By ProgBlog, Jan 8 2018 03:43PM

Not content with the excellent music I received at Christmas, Gentle Giant’s Three Piece Suite, David Gilmour Live at Pompeii and Änglagård’s Prog på Svenska - Live in Japan, I reviewed my wish list and found that Folklore by Big Big Train was unavailable on vinyl... I’ve come a bit late to the Big Big Train party, only possessing the material released on the cover mount CDs of Prog magazine and until recently, when my listening habits relaxed a little, not being sufficiently moved enough to buy any of their albums. The first track I heard was probably Winchester from St. Giles' Hill, a YouTube clip which one reviewer described as ‘the best song Peter Gabriel never sung.’ It’s a very pleasant piece of music but as it doesn’t pick up the pace until about 5 minutes in, I’m ashamed to say I didn’t pursue the output of the band until sorting out my music library last year and finding Last Train, Kingmaker and Judas Unrepentant, all of which I very much like, on Prognosis 5, Prognosis 18 and P5 Into the Lens respectively, prompting me to add Folklore to my wish list. With that album out of stock, I decided to order Grimspound (on vinyl) instead, even before Burning Shed had reopened after Christmas, just in case that too became unavailable as an LP. Depending on how much I like Grimspound, I might have to buy a download of Folklore until the vinyl edition gets re-released.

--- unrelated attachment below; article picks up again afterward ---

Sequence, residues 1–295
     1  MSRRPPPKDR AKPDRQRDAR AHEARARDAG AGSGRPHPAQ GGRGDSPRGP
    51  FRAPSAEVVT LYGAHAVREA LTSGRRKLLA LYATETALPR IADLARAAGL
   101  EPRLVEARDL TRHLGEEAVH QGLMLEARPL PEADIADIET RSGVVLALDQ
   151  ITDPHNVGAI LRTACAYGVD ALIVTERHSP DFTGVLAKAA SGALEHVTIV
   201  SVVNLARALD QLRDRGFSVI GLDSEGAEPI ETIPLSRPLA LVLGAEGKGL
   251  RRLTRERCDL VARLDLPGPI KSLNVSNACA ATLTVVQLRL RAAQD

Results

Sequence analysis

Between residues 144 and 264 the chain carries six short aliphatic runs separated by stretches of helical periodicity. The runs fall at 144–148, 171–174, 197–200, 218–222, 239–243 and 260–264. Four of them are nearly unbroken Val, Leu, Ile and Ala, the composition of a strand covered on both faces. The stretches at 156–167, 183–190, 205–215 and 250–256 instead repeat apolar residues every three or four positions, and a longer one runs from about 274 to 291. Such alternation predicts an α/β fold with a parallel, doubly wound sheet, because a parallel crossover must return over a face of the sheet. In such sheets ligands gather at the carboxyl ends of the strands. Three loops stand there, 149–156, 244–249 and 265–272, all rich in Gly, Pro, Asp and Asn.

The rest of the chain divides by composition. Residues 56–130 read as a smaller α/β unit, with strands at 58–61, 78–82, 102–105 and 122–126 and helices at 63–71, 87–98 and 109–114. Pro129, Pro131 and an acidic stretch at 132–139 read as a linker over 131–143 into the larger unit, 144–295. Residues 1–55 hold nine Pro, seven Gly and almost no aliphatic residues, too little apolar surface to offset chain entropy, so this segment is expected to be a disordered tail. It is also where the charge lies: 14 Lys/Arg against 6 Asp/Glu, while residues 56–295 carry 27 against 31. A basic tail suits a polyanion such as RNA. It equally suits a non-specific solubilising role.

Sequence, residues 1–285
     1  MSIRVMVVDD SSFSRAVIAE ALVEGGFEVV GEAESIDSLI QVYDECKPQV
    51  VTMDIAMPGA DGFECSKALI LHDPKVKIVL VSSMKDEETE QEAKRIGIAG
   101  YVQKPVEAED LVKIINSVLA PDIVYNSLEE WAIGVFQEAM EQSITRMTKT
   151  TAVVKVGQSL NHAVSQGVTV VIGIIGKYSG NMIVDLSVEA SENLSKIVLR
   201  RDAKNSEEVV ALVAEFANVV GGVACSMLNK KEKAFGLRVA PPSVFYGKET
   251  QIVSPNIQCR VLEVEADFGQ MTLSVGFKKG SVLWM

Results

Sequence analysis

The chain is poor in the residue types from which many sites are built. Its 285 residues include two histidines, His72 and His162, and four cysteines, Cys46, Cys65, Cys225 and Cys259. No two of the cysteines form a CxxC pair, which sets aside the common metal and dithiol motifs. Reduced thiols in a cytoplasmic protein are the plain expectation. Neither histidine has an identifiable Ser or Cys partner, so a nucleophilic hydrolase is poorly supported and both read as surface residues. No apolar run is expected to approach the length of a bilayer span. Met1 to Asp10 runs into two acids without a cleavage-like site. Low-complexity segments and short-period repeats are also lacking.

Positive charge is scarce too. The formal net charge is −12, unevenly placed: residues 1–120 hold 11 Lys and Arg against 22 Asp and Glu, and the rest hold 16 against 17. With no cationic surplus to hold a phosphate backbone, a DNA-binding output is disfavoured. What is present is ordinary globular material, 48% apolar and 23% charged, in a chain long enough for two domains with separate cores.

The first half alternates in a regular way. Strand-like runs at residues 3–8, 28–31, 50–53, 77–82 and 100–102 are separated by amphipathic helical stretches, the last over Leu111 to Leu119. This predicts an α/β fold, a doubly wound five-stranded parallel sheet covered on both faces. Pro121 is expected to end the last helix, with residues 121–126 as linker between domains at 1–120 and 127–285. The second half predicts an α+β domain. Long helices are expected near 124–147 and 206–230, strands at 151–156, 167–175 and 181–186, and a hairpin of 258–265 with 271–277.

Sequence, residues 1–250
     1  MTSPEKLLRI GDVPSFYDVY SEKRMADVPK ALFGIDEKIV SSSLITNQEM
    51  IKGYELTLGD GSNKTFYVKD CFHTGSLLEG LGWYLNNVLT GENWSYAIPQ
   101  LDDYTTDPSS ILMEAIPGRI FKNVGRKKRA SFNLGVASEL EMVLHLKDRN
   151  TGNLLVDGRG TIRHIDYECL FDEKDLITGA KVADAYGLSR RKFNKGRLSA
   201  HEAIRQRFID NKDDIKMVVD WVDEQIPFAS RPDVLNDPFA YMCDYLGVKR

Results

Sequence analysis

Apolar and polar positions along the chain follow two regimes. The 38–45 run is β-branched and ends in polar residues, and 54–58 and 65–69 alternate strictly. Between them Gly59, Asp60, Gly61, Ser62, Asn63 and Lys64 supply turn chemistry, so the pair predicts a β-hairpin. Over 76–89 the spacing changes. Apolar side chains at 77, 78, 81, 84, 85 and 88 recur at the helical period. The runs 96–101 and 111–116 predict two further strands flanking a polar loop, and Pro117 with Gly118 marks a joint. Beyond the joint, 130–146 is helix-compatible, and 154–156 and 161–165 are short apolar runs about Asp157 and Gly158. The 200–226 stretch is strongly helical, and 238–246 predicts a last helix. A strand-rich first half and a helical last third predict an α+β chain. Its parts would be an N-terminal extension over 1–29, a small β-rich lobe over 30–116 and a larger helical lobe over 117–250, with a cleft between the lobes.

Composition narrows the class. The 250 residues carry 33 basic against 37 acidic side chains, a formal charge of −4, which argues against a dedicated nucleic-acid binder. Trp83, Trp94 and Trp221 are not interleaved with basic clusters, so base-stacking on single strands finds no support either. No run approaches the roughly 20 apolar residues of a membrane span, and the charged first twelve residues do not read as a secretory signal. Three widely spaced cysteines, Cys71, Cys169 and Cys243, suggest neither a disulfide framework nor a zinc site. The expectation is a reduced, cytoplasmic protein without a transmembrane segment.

Christmas present - Three Piece Suite by Gentle Giant
Christmas present - Three Piece Suite by Gentle Giant